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Int J Food Microbiol. 2012 Jan 16;152(3):75-81. doi: 10.1016/j.ijfoodmicro.2011.04.017. Epub 2011 Apr 21.

Integrated stress responses in Salmonella.

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Departments of Laboratory Medicine and Microbiology, University of Washington School of Medicine, Seattle, WA, 98195-7242 USA.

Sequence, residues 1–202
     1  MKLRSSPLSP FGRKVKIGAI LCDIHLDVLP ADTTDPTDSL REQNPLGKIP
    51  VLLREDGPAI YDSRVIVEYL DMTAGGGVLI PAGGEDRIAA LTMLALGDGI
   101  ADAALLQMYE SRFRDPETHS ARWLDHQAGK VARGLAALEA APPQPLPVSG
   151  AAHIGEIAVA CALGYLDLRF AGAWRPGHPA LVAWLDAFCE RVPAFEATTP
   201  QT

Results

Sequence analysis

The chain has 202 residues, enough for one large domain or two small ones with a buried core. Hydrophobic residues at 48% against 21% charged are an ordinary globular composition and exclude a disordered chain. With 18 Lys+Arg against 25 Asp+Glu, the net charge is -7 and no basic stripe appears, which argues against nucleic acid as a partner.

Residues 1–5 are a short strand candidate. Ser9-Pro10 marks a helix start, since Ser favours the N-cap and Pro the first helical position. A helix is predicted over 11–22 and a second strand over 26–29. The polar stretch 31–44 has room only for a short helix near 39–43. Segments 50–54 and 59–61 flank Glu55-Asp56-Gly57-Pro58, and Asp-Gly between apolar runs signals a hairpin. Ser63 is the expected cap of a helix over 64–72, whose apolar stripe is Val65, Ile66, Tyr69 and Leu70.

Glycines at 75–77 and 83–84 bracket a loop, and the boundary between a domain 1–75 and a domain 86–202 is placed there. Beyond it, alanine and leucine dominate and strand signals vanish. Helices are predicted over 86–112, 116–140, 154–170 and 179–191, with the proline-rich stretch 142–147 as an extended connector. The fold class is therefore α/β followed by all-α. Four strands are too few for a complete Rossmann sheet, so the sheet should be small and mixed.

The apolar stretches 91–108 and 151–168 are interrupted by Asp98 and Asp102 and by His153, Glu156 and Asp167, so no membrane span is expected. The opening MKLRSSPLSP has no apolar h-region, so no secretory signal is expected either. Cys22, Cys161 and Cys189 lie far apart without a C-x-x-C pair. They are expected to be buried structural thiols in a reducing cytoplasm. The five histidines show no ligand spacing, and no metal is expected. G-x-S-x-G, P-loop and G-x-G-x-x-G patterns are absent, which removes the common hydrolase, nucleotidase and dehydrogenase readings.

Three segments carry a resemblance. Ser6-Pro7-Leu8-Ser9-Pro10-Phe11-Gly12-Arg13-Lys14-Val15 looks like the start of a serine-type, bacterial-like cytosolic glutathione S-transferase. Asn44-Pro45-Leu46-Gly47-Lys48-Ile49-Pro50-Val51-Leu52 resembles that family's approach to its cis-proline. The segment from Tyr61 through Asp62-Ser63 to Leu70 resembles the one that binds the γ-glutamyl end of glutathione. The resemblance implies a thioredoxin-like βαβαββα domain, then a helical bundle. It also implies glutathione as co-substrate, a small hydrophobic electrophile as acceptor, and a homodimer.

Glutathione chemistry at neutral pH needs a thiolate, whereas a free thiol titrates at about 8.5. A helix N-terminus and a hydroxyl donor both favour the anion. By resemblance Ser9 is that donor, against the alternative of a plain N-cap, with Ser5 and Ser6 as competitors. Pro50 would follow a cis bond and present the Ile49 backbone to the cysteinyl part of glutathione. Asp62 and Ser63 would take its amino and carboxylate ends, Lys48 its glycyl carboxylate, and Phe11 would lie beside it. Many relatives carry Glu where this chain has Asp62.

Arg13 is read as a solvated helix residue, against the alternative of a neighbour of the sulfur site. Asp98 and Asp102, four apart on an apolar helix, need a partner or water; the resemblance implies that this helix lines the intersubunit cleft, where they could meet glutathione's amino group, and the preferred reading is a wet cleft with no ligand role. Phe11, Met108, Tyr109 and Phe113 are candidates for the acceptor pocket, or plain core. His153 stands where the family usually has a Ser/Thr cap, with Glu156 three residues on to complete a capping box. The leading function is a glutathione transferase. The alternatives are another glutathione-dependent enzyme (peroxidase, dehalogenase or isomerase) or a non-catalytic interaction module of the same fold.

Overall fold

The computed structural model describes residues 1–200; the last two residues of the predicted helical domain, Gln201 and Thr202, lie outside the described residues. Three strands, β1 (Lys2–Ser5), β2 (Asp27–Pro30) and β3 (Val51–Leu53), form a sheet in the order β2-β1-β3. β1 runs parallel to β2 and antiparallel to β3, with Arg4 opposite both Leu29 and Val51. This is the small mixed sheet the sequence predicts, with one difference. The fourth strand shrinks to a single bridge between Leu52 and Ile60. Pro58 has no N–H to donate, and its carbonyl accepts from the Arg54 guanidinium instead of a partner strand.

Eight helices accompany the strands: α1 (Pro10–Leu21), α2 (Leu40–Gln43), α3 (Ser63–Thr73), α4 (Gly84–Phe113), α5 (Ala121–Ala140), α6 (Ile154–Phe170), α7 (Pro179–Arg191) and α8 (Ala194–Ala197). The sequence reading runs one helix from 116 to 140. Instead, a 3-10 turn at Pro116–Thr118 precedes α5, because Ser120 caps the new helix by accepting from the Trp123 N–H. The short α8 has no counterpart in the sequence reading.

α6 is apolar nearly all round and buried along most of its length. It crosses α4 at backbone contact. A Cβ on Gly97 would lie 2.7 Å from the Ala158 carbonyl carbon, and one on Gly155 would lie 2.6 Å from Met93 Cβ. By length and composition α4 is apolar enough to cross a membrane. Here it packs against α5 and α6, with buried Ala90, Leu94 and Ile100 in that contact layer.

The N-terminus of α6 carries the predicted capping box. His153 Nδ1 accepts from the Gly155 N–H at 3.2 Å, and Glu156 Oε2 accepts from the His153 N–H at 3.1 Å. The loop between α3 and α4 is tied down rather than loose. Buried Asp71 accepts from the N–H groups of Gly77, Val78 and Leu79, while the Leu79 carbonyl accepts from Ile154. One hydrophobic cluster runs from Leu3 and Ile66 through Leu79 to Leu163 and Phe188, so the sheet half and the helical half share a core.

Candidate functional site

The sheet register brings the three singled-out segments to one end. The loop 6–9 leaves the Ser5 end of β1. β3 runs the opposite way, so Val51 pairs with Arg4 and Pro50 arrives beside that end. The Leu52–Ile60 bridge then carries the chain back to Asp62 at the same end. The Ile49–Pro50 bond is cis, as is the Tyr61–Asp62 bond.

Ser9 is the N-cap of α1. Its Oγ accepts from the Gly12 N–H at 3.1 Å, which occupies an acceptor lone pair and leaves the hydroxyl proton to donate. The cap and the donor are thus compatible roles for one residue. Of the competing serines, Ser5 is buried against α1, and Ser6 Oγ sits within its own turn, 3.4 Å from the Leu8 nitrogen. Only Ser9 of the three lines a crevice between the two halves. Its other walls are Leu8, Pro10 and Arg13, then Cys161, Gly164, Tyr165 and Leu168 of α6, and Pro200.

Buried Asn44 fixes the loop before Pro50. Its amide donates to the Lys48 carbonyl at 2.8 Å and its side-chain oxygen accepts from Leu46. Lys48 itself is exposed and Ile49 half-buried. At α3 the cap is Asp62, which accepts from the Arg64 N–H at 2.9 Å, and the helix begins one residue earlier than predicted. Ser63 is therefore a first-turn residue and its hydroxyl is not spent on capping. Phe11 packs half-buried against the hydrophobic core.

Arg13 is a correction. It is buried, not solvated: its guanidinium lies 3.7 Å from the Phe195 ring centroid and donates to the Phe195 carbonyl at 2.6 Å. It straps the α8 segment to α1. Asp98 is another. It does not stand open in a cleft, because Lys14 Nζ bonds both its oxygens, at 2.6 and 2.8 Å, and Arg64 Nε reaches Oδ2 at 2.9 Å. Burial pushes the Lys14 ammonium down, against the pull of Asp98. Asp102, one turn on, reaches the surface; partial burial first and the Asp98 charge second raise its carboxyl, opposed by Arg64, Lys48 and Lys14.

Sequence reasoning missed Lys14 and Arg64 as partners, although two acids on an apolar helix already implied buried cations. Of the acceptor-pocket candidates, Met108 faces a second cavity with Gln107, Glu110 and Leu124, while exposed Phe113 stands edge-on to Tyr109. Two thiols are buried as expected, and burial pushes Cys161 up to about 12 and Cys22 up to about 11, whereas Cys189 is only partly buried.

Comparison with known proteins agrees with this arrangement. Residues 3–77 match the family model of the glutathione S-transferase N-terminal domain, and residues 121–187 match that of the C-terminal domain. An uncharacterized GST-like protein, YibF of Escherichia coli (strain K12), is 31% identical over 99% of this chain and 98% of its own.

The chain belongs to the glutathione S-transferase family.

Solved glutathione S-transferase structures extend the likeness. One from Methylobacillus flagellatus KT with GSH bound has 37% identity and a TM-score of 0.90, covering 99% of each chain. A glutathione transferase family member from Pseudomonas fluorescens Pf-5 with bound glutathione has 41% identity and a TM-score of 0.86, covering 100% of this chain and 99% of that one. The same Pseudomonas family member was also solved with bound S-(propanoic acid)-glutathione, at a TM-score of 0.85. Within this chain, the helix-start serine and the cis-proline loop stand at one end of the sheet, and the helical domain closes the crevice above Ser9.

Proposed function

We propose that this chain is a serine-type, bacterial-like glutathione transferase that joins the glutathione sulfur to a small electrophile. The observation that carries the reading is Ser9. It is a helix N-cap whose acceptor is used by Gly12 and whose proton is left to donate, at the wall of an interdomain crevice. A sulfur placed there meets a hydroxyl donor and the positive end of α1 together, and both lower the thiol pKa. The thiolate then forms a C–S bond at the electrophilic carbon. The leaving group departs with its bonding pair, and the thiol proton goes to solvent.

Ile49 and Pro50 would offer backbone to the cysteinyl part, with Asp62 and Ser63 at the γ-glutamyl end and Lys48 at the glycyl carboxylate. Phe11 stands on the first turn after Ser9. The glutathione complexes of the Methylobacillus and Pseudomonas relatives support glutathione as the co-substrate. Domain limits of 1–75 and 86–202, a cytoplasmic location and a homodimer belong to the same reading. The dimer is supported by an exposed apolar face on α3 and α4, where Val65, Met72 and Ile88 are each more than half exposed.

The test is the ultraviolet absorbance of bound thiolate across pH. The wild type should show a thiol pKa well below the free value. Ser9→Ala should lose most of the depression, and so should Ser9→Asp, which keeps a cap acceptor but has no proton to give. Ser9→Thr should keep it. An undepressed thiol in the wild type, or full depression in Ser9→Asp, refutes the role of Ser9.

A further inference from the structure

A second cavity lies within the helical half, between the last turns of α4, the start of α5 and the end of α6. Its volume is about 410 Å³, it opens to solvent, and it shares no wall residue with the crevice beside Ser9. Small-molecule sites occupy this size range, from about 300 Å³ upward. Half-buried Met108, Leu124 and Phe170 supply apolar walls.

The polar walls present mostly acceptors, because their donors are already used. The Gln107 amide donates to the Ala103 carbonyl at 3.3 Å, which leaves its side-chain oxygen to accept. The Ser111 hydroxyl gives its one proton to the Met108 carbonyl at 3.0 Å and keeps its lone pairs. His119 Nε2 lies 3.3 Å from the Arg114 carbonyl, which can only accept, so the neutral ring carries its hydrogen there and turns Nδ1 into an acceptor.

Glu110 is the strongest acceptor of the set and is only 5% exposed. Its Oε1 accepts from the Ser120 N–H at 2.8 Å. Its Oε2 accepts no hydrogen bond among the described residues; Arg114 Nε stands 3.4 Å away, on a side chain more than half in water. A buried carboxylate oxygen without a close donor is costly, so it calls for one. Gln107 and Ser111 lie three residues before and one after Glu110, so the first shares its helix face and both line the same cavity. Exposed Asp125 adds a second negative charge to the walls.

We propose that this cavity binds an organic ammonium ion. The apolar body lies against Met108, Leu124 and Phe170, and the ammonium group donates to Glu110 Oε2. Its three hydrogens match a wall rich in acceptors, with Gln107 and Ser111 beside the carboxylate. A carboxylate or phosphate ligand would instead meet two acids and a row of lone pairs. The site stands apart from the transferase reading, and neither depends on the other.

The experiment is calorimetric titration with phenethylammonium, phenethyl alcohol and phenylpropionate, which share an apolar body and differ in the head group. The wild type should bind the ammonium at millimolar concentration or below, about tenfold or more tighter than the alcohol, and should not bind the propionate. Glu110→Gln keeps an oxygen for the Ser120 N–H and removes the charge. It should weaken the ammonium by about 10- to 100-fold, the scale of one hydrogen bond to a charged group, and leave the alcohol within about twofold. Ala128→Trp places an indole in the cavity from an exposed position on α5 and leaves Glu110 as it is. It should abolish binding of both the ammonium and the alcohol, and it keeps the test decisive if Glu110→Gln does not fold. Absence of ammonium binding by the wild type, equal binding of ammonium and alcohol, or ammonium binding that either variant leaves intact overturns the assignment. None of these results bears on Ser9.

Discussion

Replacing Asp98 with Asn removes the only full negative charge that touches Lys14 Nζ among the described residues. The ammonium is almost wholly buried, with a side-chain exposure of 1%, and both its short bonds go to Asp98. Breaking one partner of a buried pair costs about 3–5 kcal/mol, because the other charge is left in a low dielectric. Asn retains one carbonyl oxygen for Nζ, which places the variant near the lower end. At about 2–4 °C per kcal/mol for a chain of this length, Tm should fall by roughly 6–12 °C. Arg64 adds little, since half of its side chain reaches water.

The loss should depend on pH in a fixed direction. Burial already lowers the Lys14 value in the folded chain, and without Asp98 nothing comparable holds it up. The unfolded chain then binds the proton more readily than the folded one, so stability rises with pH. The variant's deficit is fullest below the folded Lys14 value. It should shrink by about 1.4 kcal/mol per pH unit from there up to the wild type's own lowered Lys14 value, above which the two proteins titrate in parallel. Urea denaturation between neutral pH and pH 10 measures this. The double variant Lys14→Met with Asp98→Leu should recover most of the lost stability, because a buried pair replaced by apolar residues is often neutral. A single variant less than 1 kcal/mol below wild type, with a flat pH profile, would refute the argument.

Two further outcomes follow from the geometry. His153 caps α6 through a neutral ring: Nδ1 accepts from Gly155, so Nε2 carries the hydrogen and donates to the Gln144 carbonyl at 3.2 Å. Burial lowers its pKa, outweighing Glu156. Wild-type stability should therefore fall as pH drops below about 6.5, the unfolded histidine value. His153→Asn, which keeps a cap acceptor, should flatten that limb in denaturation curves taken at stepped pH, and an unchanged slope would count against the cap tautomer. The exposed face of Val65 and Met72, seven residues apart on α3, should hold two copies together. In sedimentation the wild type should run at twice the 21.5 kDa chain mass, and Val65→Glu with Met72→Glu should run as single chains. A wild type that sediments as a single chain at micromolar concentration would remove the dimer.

The foodborne gram-negative pathogen Salmonella must adapt to varied environmental conditions encountered within foods, the host gastrointestinal tract and the phagosomes of host macrophages. Adaptation is achieved through the coordinate regulation of gene expression in response to environmental signals such as temperature, pH, osmolarity, redox state, antimicrobial peptides, and nutrient deprivation. This review will examine mechanisms by which the integration of regulatory responses to a broad array of environmental signals can be achieved. First, in the most straightforward case, tandem promoters allow gene expression to respond to multiple signals. Second, versatile sensor proteins may respond to more than one environmental signal. Third, transcriptional silencing and counter-silencing as demonstrated by the H-NS paradigm provides a general mechanism for the convergence of multiple regulatory inputs. Fourth, signaling cascades allow gene activation by independent sensory elements. These mechanisms allow Salmonella to utilize common adaptive stress pathways in response to a diverse range of environmental conditions.

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